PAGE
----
When it comes to finesse fishing terminal tackle, I can literally carry it all in a small LureLock box. I do have a separate box for shaky heads and tube heads, but when it comes to any kind of wacky rigging, Neko rigging or drop shotting, it’s all right there in that little box.
Editor's note: Read part 1.
I get a lot of questions about which hooks I use for wacky rigs and drop-shots. Again, I have simplified this down to just a few choices.
The hook I primarily use for all wacky and Neko rigs is a Gamakastu B10 S Stinger finesse hook. This hook is a small straight shank hook with an O’Shaughnessy bend. This style hook differs from a regular round bend hook in that the hook point is slightly inset as it angles back towards the hook shank. This style hook is superb for hooking and holding fish. That slight angle back towards the shank also keeps the hook from being too sticky around cover. The size I like for the B10 S Stinger is a size 1 for thinner straight-tail worms and 1/0 for fatter stick worms like the Senko.
If I’m using a wacky rig around a lot of cypress trees or flooded bushes, I hand-tie three strands of fiber weedguard to the shank to help reduce snagginess. I’m currently working with Gamakatsu to make a weedless version of the B-10S Stinger that will be like no other wacky-rig hook on the market.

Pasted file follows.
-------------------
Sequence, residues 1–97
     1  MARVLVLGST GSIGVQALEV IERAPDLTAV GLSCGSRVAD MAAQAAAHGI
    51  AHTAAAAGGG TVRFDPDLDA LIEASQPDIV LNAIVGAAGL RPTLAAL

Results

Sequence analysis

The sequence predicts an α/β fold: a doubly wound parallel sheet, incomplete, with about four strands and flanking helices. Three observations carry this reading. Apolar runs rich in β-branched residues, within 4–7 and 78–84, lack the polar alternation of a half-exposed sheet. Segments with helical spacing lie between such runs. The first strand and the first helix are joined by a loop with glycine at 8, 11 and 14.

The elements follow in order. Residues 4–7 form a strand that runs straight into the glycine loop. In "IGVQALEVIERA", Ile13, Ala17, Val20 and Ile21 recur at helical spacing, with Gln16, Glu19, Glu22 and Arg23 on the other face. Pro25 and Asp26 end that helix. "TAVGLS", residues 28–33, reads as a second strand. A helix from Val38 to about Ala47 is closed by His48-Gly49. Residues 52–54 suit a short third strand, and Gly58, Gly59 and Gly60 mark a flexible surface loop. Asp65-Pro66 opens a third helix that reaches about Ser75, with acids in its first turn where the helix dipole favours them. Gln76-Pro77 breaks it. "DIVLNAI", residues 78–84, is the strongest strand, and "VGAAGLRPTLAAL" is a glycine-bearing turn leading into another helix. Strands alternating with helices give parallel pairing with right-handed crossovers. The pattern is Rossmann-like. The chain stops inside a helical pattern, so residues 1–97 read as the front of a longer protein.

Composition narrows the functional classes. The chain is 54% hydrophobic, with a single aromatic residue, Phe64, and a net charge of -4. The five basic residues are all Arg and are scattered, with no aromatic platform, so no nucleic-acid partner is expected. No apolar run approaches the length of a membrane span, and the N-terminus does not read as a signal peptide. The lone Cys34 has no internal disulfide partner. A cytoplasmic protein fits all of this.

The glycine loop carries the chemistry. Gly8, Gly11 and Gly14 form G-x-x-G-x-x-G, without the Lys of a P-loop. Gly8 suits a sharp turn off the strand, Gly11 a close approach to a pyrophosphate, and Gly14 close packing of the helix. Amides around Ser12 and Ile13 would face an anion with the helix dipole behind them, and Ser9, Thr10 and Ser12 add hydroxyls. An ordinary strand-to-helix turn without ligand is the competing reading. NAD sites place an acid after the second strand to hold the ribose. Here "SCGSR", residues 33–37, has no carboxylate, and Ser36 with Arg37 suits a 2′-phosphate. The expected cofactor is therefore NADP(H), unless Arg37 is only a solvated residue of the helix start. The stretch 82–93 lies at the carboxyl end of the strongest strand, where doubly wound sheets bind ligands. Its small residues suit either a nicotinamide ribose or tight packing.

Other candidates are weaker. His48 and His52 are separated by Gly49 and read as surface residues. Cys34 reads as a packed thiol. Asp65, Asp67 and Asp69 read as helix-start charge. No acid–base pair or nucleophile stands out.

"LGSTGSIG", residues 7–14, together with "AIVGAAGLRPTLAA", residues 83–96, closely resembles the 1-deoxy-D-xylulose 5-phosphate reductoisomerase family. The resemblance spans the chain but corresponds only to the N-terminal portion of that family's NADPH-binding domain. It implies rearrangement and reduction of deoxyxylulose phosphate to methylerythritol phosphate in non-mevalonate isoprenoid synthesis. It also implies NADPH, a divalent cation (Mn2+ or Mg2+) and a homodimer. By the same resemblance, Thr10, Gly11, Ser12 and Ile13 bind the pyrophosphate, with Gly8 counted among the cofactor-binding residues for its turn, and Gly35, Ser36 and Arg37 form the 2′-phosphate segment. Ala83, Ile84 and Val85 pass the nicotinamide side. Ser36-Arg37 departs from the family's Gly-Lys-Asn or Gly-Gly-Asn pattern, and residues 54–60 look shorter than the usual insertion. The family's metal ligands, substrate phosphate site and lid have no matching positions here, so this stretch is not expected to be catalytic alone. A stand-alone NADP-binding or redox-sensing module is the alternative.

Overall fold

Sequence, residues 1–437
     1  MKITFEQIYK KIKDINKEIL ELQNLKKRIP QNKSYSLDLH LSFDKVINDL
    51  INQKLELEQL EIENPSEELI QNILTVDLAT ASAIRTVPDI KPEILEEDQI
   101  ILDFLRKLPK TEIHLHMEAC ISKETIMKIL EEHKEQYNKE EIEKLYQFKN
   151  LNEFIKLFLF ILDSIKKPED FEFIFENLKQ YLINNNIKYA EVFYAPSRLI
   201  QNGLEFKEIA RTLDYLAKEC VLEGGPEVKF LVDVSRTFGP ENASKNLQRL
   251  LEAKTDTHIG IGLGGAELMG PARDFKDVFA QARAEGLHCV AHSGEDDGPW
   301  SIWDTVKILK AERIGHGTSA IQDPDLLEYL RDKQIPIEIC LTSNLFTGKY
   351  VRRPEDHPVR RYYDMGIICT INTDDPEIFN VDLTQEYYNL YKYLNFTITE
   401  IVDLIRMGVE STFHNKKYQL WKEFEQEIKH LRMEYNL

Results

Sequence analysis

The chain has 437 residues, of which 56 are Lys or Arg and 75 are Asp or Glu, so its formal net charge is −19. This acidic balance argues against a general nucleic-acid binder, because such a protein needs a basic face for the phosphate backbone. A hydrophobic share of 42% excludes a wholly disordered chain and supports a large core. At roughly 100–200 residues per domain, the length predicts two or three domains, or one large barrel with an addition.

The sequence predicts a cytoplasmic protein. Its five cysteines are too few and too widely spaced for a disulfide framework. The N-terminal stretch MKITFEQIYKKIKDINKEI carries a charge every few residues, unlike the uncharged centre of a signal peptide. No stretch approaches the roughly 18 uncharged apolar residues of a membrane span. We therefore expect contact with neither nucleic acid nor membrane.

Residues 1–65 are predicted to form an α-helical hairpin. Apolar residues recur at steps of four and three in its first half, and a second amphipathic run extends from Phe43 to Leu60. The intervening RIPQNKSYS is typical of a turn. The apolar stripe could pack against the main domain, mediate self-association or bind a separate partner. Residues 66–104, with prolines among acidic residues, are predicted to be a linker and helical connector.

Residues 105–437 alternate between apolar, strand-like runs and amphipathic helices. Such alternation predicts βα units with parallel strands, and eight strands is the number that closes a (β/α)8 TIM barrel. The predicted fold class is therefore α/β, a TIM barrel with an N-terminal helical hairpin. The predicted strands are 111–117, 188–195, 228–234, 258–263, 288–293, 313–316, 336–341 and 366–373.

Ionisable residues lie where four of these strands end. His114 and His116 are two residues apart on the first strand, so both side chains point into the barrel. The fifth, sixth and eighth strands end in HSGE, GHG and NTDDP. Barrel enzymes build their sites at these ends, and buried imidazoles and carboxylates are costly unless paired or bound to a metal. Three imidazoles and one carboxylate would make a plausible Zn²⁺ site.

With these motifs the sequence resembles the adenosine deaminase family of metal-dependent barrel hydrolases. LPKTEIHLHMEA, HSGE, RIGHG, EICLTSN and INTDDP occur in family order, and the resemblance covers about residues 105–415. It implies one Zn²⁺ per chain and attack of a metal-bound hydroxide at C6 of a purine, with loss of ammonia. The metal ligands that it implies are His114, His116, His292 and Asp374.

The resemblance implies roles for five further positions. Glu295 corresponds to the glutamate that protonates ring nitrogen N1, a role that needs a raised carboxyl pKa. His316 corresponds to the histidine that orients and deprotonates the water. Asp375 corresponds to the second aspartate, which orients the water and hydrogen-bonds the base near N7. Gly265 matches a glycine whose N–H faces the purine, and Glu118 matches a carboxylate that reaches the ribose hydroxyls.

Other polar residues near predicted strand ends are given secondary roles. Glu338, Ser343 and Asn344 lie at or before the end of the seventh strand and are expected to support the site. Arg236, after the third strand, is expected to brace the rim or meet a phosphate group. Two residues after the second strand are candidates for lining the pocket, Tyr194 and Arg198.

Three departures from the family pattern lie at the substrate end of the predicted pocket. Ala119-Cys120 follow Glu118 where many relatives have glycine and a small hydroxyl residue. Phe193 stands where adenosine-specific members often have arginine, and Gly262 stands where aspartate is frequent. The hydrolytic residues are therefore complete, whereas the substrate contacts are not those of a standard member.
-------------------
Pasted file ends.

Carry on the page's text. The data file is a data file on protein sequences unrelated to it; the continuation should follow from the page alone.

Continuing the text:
As for drop shot hooks, I’ve narrowed my choices down to just two of these as well. If I’m straight nose-hooking then I’ll use a Gamakatsu G Finesse Drop Shot hook with Nano Coat: size 2 is perfect for 4- to 6-inch finesse worms. If I’m dropping to brush or timber, I’ll go to the 1/0 Roboworm Rebarb hook in a medium wire to make the rig more snagless.
Also in my little box of finesse goodies is an assortment of drop shot weights in various sizes. I mostly use lead drop shot weights and will occasionally go to tungsten if I’m dropping really deep to sparse rock in mud or sand to better feel the occasional rock. If I’m dropping in a lot of rock, then I just go with lead because breaking off is going to be more frequent.
The box also holds plenty of nail weights for Neko rigs. Most of the time I use plain lead nail weights but will got to Eagle Claw’s Lazer Pogoda tungsten nail weights for Nekos in deeper water.
So with just this little box of terminal finesse tackle and one or two identical spinning rod combos I have simplified my finesse fishing arsenal down considerably compared to what it was 15 years ago.